America’s transportation system is badly in need of investment. But how do we pay for it? The simplest, most effective short-term solution is to increase the gas tax, which hasn’t been raised since 1993, even as people drive less and cars become more fuel efficient. And what better time for a small, phased-in increase than when gas prices are tumbling at the pump? It’s a good investment for America, its citizens, and its businesses.
But Americans have every right to insist that any increase comes with guarantees that the money will be spent for its intended purposes, spent wisely on genuine priority projects, and will result in an improvement to our quality of life. Taxpayers shouldn’t have to bear the entire burden—we need to remove barriers that prevent us from leveraging up to $250 billion in private capital for transportation projects.
Adequate funding is only one of the Chamber’s transportation priorities. We also support:
Our transportation system is a tremendous national asset we’ve built up over generations. It has fueled economic growth, enhanced our competitiveness, and created a lot of good jobs. If well-maintained, it can continue to deliver outstanding benefits to all Americans.
U.S. economic growth and job creation depend on our ability sell American goods and services to the 95% of the world’s customers living outside our borders. Yet there are restrictions and tariffs, often in the double digits, that severely inhibit U.S. companies and workers operating in a global economy. We can level the playing field via trade agreements, and Congress recently solidified the U.S.’s commitment to expanding markets by approving Trade Promotion Authority (TPA).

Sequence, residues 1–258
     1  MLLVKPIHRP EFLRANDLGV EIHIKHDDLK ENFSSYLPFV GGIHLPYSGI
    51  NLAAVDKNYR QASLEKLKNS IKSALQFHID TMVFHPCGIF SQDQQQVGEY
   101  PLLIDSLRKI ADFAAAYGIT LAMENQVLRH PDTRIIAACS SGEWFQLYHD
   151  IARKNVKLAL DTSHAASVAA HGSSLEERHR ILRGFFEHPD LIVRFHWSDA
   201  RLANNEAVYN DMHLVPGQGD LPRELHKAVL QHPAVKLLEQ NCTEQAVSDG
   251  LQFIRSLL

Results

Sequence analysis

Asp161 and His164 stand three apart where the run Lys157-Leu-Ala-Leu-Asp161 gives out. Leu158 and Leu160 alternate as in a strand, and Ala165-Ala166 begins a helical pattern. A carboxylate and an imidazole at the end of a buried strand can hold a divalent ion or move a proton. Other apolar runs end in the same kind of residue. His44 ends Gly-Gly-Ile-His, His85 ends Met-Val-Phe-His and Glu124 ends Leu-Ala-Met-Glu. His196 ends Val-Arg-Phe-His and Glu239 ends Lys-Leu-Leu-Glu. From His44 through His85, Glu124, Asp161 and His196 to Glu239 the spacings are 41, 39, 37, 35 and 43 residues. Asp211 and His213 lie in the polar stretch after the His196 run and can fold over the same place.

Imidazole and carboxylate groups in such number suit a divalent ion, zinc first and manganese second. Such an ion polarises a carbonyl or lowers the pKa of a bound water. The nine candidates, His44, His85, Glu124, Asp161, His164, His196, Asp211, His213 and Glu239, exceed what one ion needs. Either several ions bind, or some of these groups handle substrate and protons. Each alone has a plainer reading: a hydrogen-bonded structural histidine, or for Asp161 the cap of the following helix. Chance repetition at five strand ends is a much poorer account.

TPA requires the President and Congress to work together on trade agreements, enabling the President to negotiate on terms set by Congress. Without TPA, the U.S. may have been shut out of two upcoming free trade agreements – the Trans-Pacific Partnership (nearing final stages of completion) and the Trans-Atlantic Trade and Investment Partnership (currently in negotiation stage).
Too often, U.S. companies are forced to compete with one hand tied behind their back in the Asia-Pacific region. High tariffs, non-tariff barriers, and other measures at times deny a level playing field for U.S.-made products and services. Further, a web of more than 140 trade agreements has spread across the region, providing advantages for participating nations, while the U.S. is often stuck on the outside, looking in.
If the goal of eliminating these barriers and establishing high standards for the region is met, the TPP could prove to be a game changer for American workers, farmers, and companies. The U.S. business and agricultural communities agree we must tear down the barriers that shut out U.S. goods and services and put fairness and accountability at the fore in our trade relations with this vital region.
The U.S. Chamber appreciates the efforts by U.S. negotiators and those of other participating nations to conclude the Trans-Pacific Partnership (TPP) negotiations.